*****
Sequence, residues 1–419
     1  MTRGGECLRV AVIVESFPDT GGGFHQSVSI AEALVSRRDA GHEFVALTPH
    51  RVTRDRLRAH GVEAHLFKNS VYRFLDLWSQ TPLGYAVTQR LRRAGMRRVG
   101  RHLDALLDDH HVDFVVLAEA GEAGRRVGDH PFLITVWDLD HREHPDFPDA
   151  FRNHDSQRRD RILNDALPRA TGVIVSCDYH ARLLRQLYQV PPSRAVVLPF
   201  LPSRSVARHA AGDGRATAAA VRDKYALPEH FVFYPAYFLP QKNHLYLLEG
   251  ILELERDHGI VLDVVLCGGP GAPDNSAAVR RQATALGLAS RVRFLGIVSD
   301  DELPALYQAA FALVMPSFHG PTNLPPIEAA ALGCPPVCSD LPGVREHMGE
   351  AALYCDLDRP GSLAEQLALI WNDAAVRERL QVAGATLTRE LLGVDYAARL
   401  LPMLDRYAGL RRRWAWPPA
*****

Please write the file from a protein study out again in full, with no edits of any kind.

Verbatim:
Sequence, residues 1–419
     1  MTRGGECLRV AVIVESFPDT GGGFHQSVSI AEALVSRRDA GHEFVALTPH
    51  RVTRDRLRAH GVEAHLFKNS VYRFLDLWSQ TPLGYAVTQR LRRAGMRRVG
   101  RHLDALLDDH HVDFVVLAEA GEAGRRVGDH PFLITVWDLD HREHPDFPDA
   151  FRNHDSQRRD RILNDALPRA TGVIVSCDYH ARLLRQLYQV PPSRAVVLPF
   201  LPSRSVARHA AGDGRATAAA VRDKYALPEH FVFYPAYFLP QKNHLYLLEG
   251  ILELERDHGI VLDVVLCGGP GAPDNSAAVR RQATALGLAS RVRFLGIVSD
   301  DELPALYQAA FALVMPSFHG PTNLPPIEAA ALGCPPVCSD LPGVREHMGE
   351  AALYCDLDRP GSLAEQLALI WNDAAVRERL QVAGATLTRE LLGVDYAARL
   401  LPMLDRYAGL RRRWAWPPA